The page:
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Jay on the Peruvian Mine Trail, with Grays Peak in the background

At about 0.82 miles from the trailhead, we came to another junction in the trail. The left branch of this trail headed towards the ruins of the Peruvian Mine, and the right fork continued uphill towards the Whale Lode Mine. We stayed to the right, and followed the old mining road as it curved to the northwest towards the Whale Lode Mine.

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Jay hiking up the last stretch of the trail below the Whale Lode Mine

The last stretch of the trail is more like a creek than a trail. We had to choose our steps carefully to avoid ice-covered rocks. The path ended at the ruins of the Whale Lode Mine, which mostly consisted of flattened timbers and a rusting boiler. The mine was active in the 1880’s and 1890’s, and probably didn’t see much activity after the price of silver collapsed in 1893.

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Rusting boiler at the ruins of the Whale Lode Mine

A low cliff behind the mine blocked our access to the east ridge, so we headed southwest to get around the obstacle. We saw some impressive ice formations as we passed under the cliffs.

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Looking down on the scattered remains of the Whale Lode Mine

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Ice formation on the cliff to the northwest of the Whale Lode Mine

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The route around the west end of the cliff

We reached a large, nearly-flat area above the cliff. A wicked looking rock formation on the east ridge was due north of us, and the ridge between Ruby Mountain’s false and true summits was to our west. According to Bill Middlebrook, the nasty rock formation is only Class 2. With the ice, it looked like it had plenty of potential for fractures, dislocations, and contusions. Heading straight up the slope beside the ridge seemed like the safer and easier option.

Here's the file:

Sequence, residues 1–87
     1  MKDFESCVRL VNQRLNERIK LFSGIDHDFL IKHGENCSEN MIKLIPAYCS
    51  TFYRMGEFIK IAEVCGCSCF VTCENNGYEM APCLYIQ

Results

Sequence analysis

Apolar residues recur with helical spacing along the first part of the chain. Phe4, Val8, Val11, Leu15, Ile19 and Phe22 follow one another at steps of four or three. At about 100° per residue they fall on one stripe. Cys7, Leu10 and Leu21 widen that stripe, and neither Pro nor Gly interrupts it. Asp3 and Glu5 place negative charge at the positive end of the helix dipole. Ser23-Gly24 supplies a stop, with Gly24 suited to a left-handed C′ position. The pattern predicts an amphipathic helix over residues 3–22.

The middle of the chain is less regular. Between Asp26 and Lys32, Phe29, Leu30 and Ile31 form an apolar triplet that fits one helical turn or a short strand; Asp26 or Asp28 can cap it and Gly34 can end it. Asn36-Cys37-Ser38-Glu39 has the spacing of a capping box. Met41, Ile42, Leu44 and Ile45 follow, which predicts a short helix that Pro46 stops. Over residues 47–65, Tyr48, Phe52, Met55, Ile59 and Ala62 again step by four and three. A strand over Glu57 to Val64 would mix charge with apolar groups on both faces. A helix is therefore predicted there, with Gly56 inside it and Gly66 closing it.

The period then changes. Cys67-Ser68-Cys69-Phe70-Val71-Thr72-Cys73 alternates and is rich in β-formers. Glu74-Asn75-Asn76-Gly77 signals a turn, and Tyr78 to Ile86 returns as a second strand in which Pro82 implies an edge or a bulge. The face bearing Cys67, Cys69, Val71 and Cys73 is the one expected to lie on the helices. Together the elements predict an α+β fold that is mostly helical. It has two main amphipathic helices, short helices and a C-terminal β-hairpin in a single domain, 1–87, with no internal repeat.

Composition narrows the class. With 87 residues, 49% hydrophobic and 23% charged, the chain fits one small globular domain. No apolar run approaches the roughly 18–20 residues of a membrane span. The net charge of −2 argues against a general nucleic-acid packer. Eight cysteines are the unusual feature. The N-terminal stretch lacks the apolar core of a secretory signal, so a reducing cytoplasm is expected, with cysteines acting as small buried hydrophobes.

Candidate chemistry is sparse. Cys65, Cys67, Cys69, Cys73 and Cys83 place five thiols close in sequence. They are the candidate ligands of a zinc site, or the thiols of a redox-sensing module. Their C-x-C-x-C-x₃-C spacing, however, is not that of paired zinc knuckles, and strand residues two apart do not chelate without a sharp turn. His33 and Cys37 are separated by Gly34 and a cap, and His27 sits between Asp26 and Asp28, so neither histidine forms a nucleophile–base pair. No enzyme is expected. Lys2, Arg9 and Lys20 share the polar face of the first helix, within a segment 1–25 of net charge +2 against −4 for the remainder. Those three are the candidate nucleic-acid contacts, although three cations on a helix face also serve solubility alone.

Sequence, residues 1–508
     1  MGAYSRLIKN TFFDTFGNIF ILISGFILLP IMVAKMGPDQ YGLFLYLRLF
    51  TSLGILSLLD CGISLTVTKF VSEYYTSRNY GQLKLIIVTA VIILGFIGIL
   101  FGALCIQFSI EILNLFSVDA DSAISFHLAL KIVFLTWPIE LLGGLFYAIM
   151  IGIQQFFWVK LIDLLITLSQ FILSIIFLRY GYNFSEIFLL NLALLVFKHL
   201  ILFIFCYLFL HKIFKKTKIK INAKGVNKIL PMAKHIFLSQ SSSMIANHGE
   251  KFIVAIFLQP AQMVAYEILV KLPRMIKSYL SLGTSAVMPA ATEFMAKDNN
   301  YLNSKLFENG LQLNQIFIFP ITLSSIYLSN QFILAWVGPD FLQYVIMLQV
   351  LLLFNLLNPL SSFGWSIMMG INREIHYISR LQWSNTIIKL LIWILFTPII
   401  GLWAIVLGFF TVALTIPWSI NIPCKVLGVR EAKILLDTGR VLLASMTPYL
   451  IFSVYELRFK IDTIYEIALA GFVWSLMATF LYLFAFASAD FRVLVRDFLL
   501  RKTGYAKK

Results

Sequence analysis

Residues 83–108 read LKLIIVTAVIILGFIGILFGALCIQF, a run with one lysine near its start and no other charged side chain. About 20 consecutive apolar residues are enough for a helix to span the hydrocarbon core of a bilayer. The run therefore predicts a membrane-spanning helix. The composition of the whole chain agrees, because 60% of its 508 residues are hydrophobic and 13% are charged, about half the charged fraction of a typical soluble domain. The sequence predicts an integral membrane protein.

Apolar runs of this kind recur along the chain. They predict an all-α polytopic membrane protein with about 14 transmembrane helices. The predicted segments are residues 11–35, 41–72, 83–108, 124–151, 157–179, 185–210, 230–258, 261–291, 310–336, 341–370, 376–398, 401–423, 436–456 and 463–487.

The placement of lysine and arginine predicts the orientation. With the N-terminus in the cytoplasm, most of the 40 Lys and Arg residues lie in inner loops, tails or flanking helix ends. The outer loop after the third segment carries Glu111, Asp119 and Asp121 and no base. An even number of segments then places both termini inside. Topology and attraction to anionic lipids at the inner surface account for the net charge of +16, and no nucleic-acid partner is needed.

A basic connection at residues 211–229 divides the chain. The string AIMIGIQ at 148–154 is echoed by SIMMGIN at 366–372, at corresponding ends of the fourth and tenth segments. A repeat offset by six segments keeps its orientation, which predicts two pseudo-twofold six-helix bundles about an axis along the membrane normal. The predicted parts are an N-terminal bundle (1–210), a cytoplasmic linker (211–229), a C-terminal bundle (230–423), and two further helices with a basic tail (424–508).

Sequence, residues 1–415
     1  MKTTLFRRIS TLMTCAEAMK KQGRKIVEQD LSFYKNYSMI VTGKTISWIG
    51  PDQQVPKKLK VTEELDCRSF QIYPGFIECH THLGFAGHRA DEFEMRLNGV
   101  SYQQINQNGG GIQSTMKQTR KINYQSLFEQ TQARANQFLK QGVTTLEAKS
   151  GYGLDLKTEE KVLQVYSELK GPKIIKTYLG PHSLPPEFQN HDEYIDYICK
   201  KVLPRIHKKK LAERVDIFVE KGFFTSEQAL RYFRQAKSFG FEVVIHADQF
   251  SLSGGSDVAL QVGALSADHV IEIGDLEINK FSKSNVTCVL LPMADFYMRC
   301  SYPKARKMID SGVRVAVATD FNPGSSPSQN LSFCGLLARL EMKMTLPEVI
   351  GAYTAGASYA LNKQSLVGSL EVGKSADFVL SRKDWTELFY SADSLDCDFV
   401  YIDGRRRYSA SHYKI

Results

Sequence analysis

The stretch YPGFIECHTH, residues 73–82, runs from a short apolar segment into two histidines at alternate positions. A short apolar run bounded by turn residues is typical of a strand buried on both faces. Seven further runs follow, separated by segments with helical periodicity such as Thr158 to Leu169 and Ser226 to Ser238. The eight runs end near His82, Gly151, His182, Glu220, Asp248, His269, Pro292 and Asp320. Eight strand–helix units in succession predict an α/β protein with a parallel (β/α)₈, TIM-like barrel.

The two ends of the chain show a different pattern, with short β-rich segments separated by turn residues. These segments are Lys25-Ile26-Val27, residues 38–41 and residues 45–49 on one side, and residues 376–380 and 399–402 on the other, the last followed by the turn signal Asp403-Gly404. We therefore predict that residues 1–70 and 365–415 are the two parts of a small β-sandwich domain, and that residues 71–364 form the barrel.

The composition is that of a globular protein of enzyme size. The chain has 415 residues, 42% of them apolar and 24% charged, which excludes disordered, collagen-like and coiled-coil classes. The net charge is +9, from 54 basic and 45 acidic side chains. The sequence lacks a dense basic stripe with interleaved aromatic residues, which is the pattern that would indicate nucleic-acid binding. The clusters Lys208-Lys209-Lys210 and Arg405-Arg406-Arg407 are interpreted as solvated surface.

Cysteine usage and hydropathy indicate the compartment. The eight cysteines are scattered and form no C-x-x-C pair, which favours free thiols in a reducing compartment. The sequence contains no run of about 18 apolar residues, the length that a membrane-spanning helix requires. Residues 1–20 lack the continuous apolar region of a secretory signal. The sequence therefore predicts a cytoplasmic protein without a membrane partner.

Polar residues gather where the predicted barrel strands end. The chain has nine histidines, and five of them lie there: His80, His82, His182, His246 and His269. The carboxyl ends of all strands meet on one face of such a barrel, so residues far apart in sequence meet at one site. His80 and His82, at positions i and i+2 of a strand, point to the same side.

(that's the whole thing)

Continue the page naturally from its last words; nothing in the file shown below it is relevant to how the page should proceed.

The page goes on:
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Ruby Mountain’s east ridge. The highest point in the image is the false summit, and part of the gnarly rock formation is visible to the far right.

The slope was steep and loose in some places, and it took some effort to find the best route. The slope relented a bit after we picked our way through a band of large rocks.

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Angling up the slope towards the east ridge

After we passed through the band of rocks, we ascended towards a mellow-looking spot on the ridge just above the gnarly rock formation. We hit the ridge at about 12,774 feet. There is no proper trail on the ridge, but it was easy to see where others had followed the path of least resistance.

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Looking up Ruby Mountain’s east ridge from about 12,774 feet

Bill Middlebrook described the next rocky section on the ridge as being the crux of the route, but it honestly didn’t present any difficulties. We picked our way through the rocks, and soon found ourselves standing on the false summit.

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Approaching the crux of the route below the false summit

From the false summit, we had a great view of the small lake below the saddle between Ruby Mountain and Grays Peak. The route on Grays Peak’s south ridge looked fascinating, and just moved up on my bucket list.

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The lake at the end of Peru Creek Road, just below Ruby Mountain’s saddle with Grays Peak